masthead, closeup of compass

36 lessons found; showing 10 per page, sorted by Title...
Showing Grade 12, Unit 2, Rights of Citizens
<-- Previous | Next -->

Powerful Consumers: Exploring Boycotts Past and Present

http://www.nytimes.com/learning/teachers/lessons/20000327monday.html?searchpv=learning_lessons

Description: Explore the concept of a consumer boycott andpotential results that boycotts may bring. Then work in small groups to examine boycotts from multiple perspectives and create posters illustrating your research. Useful resource to learn about the tools of labor and specifically the United Farm Workers union. Standards 11.6.5, 12.3.1 civics, 12.2.5 and 12.4.1 economics

Author: Elyse Fischer, The New York Times Learning Network, Sanda Balaban, The Bank Street College of Education in New York City

Lesson ID: 843

Quincy Railways v. Chicago (1897)

http://www.billofrightsinstitute.org/Instructional/Resources/Lessons/Lessons_List.asp?action=showDetails&id=81&ref=showCatD&catId=7

Description: The landmark case Quincy Railways v. Chicago (1897) illustrates the doctrine of incorporation, or the application of Bill of Rights protections to the states through the Fourteenth Amendment. The Supreme Court held that states must honor the Fifth Amendment?s requirement that just compensation be paid to owners when the government takes property. The case opened the door to other claims against states, and broadened the scope of the Bill of Rights? protections. Standard 12.2.2

Author: Bill of Rights Institute

Lesson ID: 1328

Regulating Freedom of Speech

http://edsitement.neh.gov/view_lesson_plan.asp?id=370

Description: Read the First Amendment and briefly discuss what "freedom of speech" meant to the Framers of our Constitution. What limits can be put on this Constitutional right? Have each research team review the facts of the case in Ward v. Rock Against Racism by accessing the Court's decision. Then each team analyzes these opinions to determine how the Justices ruled on each of the following questions: Does the City of New York have a right to regulate the "time, place, or manner" of free speech in this case by limiting the volume level of public musical performances? Is the City's method of regulating the volume level "content neutral"? Is it "narrowly tailored" to serve the purpose of regulating the volume level? Does it "leave open ample alternative channels of communication"? Standard 12.2.1 and 12.5.1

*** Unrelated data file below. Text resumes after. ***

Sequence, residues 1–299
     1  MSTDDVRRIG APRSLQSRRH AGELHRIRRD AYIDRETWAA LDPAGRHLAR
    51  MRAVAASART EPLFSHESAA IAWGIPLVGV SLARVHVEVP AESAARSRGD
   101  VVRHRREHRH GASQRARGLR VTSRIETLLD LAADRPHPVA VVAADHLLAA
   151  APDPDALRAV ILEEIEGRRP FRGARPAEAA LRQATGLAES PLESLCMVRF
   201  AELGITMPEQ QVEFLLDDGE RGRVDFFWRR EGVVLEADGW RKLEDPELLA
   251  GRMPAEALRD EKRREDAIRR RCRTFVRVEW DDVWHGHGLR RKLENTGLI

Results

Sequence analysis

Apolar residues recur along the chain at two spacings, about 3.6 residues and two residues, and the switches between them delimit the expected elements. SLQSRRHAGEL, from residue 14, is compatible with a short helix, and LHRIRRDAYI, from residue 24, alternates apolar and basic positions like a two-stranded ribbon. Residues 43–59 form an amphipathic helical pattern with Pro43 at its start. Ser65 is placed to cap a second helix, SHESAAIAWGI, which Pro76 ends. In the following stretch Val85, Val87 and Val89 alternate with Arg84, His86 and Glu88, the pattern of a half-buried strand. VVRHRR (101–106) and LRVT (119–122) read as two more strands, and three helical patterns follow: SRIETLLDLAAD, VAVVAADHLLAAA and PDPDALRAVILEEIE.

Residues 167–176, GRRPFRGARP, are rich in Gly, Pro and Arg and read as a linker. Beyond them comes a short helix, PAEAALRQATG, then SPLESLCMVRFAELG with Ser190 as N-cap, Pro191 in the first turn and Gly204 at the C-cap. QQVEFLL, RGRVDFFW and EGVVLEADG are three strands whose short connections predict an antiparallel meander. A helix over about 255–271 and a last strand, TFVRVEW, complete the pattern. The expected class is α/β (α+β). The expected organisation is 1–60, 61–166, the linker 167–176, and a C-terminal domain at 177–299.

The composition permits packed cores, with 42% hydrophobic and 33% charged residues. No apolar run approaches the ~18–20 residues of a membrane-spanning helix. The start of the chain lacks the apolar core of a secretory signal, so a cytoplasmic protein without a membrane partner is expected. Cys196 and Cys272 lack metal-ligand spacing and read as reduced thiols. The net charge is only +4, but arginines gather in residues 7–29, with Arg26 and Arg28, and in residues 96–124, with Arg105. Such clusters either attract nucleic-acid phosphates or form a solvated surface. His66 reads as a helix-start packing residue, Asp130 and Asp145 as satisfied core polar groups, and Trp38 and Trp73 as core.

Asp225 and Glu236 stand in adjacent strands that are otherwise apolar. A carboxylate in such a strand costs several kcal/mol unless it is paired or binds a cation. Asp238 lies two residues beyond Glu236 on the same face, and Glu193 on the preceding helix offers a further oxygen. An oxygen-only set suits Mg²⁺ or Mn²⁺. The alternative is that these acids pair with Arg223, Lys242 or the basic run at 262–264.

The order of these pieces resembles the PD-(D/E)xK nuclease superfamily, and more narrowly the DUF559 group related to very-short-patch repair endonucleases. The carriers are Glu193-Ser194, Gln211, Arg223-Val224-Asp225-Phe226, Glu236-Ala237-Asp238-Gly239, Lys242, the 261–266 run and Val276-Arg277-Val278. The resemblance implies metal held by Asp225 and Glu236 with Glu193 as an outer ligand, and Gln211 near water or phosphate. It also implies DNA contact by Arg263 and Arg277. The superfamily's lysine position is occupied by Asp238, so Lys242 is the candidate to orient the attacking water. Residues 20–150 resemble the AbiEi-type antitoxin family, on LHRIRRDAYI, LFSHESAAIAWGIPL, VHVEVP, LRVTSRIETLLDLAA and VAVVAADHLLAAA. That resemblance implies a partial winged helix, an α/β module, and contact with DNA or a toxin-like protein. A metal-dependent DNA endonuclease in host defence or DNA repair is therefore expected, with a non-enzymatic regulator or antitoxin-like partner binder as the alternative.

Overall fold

Author: EDSITEment

Lesson ID: 1369

Respecting Freedom of Speech

http://www.constitutioncenter.org/education/ForEducators/LessonPlans/FirstAmendment/5490.shtml

Description: Consider the point where respect and freedom of expression intersect. After reviewing the language of the First Amendment and examine your definition of respect by responding to a writing prompt. Then consider five controversial instances of "free speech" and participate in a discussion that attempts to draw the distinction between: private versus government action regarding speech; rights of the speakers and rights of the listener; and right to free speech and responsibility to act or speak with respect. What role does freedom of expression play in maintaining a free and open society? Standards 12.2.1, and 12.5.1

Author: Bill of Rights Institute

Lesson ID: 898

Responsibility of the Jury

http://www.constitutioncenter.org/education/ForEducators/LessonPlans/JuryDuty/5495.shtml

Description: In the course of this lesson, students are asked to examine closely their understanding of responsibility and in what ways they are called upon to be responsible. In the warm up section, students are asked to a respond to a writing prompt related to responsibility, and then are guided through a class-wide discussion, in which they delve more deeply into the types of responsibilities they have, as well as their motivations for fulfilling them. The activity in the main section focuses on the responsibility to participate in jury duty. Students first review short excerpts from the Magna Carta, Constitution, and Bill of Rights in order to understand the jury's function in American civil society: balancing the power of the judge, reflecting community values, and protecting individual liberty. Afterward, students are given a fictional case and set of juror descriptions. After either playing the role of a potential juror or witnessing three jury selection proceedings, students analyze how the elimination of certain jurors from the panel might alter the case's outcome. In the end, students are asked to pick which system of jury selection they prefer and determine whether or not, if called, they think they would have a responsibility to participate in jury duty. Standard 12.2.3